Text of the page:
A colonoscopy is a painless endoscopic procedure that allows your doctor to look
at the large bowel (colon and rectum) for polyps, inflammation or signs of cancer.
An ileo-colonoscopy is a diganostic test that allows your doctor to look inside your large bowel with a flexibile endoscope. It’s carried out using a long, narrow, flexible, telescopic camera called a colonoscope. Your doctor will pass the colonoscope into your bowel through your anus.
A colonoscope can help your doctor to find out what is causing symptoms such as:
- persistent diarrhoea or a change in your bowel habit
- bleeding from your rectum or blood in your faeces
- passing slime or mucus from your bowel
- feeling tired, weak or breathless
These may be the result of:
- inflammation caused by conditions such as ulcerative colitis and Crohn disease
- polyps (small growths of tissue, sometimes called adenomas)
- colorectal cancer (CRC)
Colonoscopy is carried out in our private endoscopy unit and is usually done as a day case. This means you have the test and go home the same day. It’s very important that your bowel is completely empty during the test so that your doctor can see it clearly. The main thing that you need to do to prepare for this is to take a strong laxative, prescriptions will be provided for you by our stuff. Usually you will need to take them the day before your colonoscopy. The laxative will be quite powerful and will give you diarrhoea, so you will need to stay close to a toilet and drink plenty of clear fluids to make sure you don’t get dehydrated.
The colonoscopy procedure usually takes 30 to 45 minutes to complete. Our endoscopy nurse will ask you to put on a hospital gown that opens at the back or a gown and trousers that have a hole cut in the back. You will be asked to wear an oxygen mask or have small tubes placed just under your nostrils through which oxygen is passed. You will have a drip inserted into a vein in the back of your hand to give you any medicines you may need. You will be given low dose narcotics (Propofol) and a painkiller to make sure you’re painless, relaxed and in deep sedation during the procedure.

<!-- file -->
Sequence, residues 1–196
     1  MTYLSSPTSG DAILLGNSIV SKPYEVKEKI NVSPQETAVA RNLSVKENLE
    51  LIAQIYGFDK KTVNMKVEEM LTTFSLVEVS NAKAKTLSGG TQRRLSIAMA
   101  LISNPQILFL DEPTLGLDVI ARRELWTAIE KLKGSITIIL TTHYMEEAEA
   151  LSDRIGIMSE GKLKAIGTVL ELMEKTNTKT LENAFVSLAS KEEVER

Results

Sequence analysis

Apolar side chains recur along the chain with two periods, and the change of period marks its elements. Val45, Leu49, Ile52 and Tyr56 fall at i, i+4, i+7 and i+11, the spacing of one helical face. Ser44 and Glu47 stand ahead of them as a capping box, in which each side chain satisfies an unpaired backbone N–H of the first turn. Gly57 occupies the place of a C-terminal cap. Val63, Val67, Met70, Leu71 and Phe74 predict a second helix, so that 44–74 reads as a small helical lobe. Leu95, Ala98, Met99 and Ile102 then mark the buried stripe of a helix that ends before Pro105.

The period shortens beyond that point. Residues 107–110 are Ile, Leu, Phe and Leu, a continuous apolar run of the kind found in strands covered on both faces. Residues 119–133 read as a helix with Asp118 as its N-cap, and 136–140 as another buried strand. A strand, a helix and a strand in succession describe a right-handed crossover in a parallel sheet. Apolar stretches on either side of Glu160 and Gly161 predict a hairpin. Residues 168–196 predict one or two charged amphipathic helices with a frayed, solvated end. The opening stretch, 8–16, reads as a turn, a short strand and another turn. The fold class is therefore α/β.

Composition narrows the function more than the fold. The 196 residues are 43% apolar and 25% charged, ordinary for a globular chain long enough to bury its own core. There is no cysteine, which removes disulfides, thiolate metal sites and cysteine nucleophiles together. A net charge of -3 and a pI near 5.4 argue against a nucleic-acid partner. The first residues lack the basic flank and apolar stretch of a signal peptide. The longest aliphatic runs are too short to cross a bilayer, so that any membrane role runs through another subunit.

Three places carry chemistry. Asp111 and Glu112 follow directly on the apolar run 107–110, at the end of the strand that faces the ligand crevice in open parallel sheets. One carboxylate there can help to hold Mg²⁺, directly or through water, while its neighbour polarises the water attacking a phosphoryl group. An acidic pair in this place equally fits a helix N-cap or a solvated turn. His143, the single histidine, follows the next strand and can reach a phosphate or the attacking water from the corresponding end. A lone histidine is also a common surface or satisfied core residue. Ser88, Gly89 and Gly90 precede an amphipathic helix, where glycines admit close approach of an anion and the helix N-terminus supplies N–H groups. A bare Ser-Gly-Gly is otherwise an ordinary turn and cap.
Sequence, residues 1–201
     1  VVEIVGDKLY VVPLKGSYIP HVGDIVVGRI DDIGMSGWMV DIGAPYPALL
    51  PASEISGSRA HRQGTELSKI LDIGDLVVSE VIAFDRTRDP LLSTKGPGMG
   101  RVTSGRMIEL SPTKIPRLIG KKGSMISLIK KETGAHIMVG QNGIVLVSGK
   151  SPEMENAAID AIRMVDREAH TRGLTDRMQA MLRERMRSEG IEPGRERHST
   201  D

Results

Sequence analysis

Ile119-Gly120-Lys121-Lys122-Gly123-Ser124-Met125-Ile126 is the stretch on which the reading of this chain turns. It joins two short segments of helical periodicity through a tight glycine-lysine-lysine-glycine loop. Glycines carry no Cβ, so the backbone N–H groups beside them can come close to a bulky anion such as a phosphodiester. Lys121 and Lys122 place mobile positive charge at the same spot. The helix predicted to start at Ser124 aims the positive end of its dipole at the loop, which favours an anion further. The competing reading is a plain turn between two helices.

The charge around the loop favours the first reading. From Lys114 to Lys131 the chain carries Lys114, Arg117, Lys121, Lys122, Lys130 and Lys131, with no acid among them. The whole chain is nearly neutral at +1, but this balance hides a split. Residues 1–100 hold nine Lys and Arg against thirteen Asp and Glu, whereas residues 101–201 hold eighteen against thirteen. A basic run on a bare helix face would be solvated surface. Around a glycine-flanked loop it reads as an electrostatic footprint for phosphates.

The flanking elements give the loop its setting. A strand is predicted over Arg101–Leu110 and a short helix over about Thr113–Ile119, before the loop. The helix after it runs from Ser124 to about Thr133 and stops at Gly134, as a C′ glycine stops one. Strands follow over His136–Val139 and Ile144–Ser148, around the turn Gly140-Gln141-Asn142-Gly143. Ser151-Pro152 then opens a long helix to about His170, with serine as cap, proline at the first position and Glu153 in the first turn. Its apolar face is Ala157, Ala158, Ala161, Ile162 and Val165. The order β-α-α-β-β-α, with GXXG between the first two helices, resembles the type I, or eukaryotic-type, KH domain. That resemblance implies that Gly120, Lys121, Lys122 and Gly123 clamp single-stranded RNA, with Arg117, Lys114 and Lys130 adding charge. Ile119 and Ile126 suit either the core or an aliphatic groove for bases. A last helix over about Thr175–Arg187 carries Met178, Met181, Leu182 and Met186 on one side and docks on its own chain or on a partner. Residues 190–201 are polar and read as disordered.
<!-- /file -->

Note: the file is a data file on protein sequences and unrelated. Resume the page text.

Your doctor will ask you to lie on your left-hand side and he or she will gently insert the colonoscope into your rectum. Lubricating jelly will be used to make this as easy as possible. Air will be pumped into your bowel to make it expand slightly, which makes the colonoscope pass through more easily. Your doctor will gently move the colonoscope up through your bowel. The colonoscope is flexible and the doctor can rotate the tip of the instrument so that it follows the curves in your bowel. The images from the camera at the end of the colonoscope appear on a monitor – these enable your doctor to look at the inside of your bowel. During the procedure you may be asked to change your position – for example turning from your side on to your back. This helps your doctor to look at different areas of your bowel. The endoscopic nurse may press on your abdomen to help move the colonoscope in the right direction. During the procedure your doctor may take a biopsy or remove small polyps with a polypectomy snare. This is quick and painless and is done by passing instruments inside the colonoscope. The samples will be sent to a pathological laboratory for histological testing to see if the cells are benign or malignant (cancerous).